Benefits Of Listening To Music: Good For Your Health?

We listen to music on average for 190 minutes a day, consciously or unconsciously. We can say that music is a fundamental part of our lives. Virtually all cultures, from the most primitives to the most advanced, make and listen to music. The human brain and nervous system is able to distinguish music from noise and to respond to rhythm, repetition, tones and melodies. Is this a biological “accident” or does it serve a purpose? Scientists have not yet agreed on this. What is clear is that music has a positive effect on the body and the brain. Listening to music makes people feel better, move more, have a better sex life and lead a happier life. In this article, we discuss the results of some studies on the benefits of listening to music.

HOW DOES MUSIC REACH OUR BRAIN?

Like any sound, music comes to our ears in the form of sound waves. These waves are received by the outer ear. They go through the ear canal to the timpanum, also called the eardrum. The eardrum vibrates as soon as the sound waves come into contact with it. These vibrations are passed along the chain of small bones in the middle ear until they reach the third bone, the stirrups. From here a connection is made with the cochlea.

The cochlea is a special part of our ears. It is filled with fluid and 10.000 to 15.000 tiny hair cells, also called cilia. The sound waves that reach the cochlea via the stirrups cause the hair cells to make swinging movements. The hair cells, in turn, release chemical neurotransmitters that activate the auditory nerve and send small electrical currents to the auditory cortex, which is found in the temporal lobe of the brain.

Parts of the ear that process music

HOW DOES OUR BRAIN PROCESS MUSIC?

Here things get even more complicated. Several studies with MRI and positron emission tomography (PET) scans suggest that nerve networks in different parts of the brain bear primary responsibility for decoding and interpreting the sound waves. For example, there is a small area in the right temporal lobe that is essential in perceiving pitches (the basis for a melody), chords (several pitches at the same time) and harmony (several melodies at the same time). Another part around here is in turn responsible for decoding timbre (the quality with which the brain can distinguish between different instruments playing the same note). The cerebellum processes rhythm and the frontal lobes interpret the emotional content of music.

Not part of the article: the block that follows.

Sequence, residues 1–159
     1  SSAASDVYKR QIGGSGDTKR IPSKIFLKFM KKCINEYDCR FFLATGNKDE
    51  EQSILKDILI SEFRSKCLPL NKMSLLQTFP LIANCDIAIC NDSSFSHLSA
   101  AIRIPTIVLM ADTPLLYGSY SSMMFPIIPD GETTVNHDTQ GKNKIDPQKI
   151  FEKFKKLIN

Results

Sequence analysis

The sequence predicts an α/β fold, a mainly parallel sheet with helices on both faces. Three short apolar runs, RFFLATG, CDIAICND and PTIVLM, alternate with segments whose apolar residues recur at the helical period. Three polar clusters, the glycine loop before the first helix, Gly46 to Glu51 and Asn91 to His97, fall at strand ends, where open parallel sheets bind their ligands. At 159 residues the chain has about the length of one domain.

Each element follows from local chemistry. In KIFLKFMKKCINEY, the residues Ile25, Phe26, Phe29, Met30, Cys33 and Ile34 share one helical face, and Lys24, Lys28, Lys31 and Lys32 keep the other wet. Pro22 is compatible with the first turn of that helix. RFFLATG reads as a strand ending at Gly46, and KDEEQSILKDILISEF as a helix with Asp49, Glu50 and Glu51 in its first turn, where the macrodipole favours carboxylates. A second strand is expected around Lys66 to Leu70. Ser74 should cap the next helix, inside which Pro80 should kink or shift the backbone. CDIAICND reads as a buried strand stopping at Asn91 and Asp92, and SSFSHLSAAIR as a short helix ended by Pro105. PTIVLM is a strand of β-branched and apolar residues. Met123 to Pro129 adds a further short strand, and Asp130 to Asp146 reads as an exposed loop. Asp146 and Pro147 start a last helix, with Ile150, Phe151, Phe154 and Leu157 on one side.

A healthy human brain is perfectly capable of performing these complex tasks. Yet we can say that musicians’ brains are more finely tuned to these different tasks. On the other hand, scientists also see that people with brain damage are less good at performing complex tasks. The neuroscience of music is a highly specialized field.

Parts of the brain that process music

MUSICIAN OR DOCTOR?

According to Arnold Steinhardt, co-founder and first violinist of the Guarneri String Quartet, the audience for chamber music always consists of many caregivers. “From podiatrists to psychiatrists. There appears to be a mysterious and powerful underground railway linking medicine and music. Perhaps music is an equally effective means of healing, and doctors and musicians are part of a greater order serving the needs of humanity. We can almost see them as brothers and sisters.” Perhaps this is why so much research has been done on the benefits of listening to music for our health.

BENEFITS OF LISTENING TO MUSIC FOR THE MIND

Researchers at the University of California, Irvine, have investigated the effects of listening to music on cognitive function in general and spatial-temporal reasoning in particular. In this study, the researchers presented a number of standard IQ questions to three different groups. The first group listened to music by Mozart for 10 minutes beforehand. The second group listened to “relaxing music” for 10 minutes and the third group did not listen to any music. The result of this study was that listening to Mozart music consistently increased the test results. The researchers have checked whether this effect only occurred in classical music or whether music in general would improve mental performance. Mozart’s music also emerged as the winner in this test.

How it is possible that (classical) music improves cognitive performance is not entirely clear to the researchers. They speculate that listening to music helps organize the firing of nerve cells in the right hemisphere of the cerebral cortex. This part of the brain is responsible for the higher functions. According to this theory, music acts as a type of exercise that warms selected brain cells, allowing them to process information more efficiently.

DOES MUSIC REDUCE STRESS?